I was going to see Caitlin Rose in person even if I had to stand up to do it. So Monday night found me at the Mercury Lounge. As small venues go, the Mercury Lounge is pretty good: the main bar is in a separate room just as you come in, so you can grab your drink and then go into the performance space, where everyone is nicely focused on the performance--there's a tiny satellite bar in the corner but it's unobtrusive. There are even a few seats to either side of the room, but I eschewed them and stood with the young'uns. And they were young, whew! It was an early show--6:30 doors/opener, 7:30 main act--so I guess most of them had just woken up.

At this point a petty person would complain about her drink. I haven't gone out much in the past five years or so, and meanwhile I've been spoiled by my brother-in-law's fine wines and my husband's masterfully crafted cocktails. So I won't complain about my drink.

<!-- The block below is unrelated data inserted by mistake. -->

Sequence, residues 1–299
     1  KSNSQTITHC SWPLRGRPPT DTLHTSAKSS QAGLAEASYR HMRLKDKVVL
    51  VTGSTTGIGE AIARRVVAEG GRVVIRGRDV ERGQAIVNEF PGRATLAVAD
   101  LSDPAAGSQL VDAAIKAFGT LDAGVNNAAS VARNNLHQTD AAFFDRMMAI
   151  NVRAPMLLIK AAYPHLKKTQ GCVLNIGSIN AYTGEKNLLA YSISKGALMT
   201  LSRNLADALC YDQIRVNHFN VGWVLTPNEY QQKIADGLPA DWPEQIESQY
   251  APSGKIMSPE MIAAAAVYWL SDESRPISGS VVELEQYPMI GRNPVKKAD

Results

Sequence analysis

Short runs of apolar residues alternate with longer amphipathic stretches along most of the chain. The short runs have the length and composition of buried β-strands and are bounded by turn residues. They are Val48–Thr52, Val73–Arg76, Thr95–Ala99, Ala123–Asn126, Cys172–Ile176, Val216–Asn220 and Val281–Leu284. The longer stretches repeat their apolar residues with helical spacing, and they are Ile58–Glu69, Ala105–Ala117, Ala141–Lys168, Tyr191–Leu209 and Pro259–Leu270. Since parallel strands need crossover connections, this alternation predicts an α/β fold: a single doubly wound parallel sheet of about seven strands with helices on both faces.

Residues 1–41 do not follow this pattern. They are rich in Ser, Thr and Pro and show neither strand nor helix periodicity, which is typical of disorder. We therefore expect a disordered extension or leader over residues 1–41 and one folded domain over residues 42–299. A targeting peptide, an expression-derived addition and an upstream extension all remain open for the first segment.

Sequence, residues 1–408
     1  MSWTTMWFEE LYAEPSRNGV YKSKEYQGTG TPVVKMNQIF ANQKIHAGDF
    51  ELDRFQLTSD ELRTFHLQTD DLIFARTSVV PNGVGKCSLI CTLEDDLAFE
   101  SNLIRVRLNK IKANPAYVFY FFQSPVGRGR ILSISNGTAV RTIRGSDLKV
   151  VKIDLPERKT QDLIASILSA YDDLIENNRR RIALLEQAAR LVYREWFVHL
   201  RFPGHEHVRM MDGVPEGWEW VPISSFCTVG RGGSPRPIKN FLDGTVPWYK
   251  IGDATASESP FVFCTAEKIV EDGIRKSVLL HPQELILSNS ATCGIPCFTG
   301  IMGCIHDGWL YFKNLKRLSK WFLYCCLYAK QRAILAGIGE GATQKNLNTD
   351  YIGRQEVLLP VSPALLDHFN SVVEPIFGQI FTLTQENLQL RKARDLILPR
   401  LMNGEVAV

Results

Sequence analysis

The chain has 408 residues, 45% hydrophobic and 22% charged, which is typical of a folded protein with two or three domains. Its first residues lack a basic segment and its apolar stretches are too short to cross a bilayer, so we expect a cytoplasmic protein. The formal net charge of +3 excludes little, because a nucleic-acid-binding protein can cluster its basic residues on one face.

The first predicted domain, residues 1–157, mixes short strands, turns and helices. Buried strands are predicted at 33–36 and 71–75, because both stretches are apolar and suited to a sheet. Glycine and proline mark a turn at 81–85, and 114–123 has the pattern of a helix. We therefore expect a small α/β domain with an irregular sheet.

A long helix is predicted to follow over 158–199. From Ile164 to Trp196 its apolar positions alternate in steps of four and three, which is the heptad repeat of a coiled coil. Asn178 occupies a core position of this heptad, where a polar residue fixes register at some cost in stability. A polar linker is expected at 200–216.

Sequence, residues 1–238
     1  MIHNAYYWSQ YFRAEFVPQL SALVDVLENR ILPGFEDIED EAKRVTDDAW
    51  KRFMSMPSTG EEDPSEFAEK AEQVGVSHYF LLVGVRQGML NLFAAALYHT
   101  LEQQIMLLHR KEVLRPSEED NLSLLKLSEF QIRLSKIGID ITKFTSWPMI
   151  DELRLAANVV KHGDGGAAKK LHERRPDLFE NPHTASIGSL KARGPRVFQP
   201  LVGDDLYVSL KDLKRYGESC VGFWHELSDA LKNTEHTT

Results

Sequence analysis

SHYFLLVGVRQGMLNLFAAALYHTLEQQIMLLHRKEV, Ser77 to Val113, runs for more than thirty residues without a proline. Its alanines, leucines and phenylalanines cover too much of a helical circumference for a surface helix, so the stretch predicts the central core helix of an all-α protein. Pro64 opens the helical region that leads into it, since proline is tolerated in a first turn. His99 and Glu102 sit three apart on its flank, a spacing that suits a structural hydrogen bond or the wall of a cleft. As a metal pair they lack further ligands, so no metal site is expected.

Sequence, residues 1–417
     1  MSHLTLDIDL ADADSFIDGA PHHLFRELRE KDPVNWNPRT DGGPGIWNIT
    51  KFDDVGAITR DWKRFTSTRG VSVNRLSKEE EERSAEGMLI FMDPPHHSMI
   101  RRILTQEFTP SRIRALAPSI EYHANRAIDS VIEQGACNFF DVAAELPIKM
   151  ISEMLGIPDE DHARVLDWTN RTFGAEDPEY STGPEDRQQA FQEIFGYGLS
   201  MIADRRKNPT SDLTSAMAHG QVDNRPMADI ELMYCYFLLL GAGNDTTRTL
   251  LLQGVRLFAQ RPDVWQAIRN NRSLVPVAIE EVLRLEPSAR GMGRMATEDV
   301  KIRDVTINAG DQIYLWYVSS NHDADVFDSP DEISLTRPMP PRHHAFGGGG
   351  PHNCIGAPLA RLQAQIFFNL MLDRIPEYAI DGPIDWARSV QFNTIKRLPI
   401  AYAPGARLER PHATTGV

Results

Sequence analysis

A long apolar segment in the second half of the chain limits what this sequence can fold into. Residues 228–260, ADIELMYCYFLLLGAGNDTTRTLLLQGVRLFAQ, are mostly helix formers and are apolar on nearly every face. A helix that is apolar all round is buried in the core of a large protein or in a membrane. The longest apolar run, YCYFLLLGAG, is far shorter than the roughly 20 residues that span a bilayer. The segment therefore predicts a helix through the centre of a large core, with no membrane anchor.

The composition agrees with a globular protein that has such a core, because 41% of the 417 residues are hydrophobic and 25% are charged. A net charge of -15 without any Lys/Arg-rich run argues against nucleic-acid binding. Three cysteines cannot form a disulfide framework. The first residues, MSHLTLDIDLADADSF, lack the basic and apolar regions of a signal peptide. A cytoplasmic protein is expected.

I was late because, despite my advanced age, I have not yet learned to accurately read a train timetable. However, the opener--Rose's guitarist Andrew Combs--had not yet gone on as of 7 pm, this being one of those nice times when the irresponsible circumstances of the young and the old bring them together. Combs is a looker, a capable guitarist and an above-average lyricist who could easily slide onto any episode of ABC's "Nashville." He did a few numbers strictly solo, a few joined by members of the band, and then it was time for Caitlin Rose.

She opened with the very catchy "No One to Call," the first cut on her new album, The Stand-In. I didn't keep a set list but looking at The Stand-In I'm pretty sure Rose performed more than half her new songs, including "Only A Clown," (she bravely declared her fondness for clowns against the current cultural phobia, and made clowns a thread throughout her between-song patter), "Waitin'," "Dallas," "Pink Champagne," "Silver Sings," and "Old Numbers." From her previous album, Own Side Now, Rose performed "Shanghai Cigarettes" and "Spare Me--Fetzer's Blues."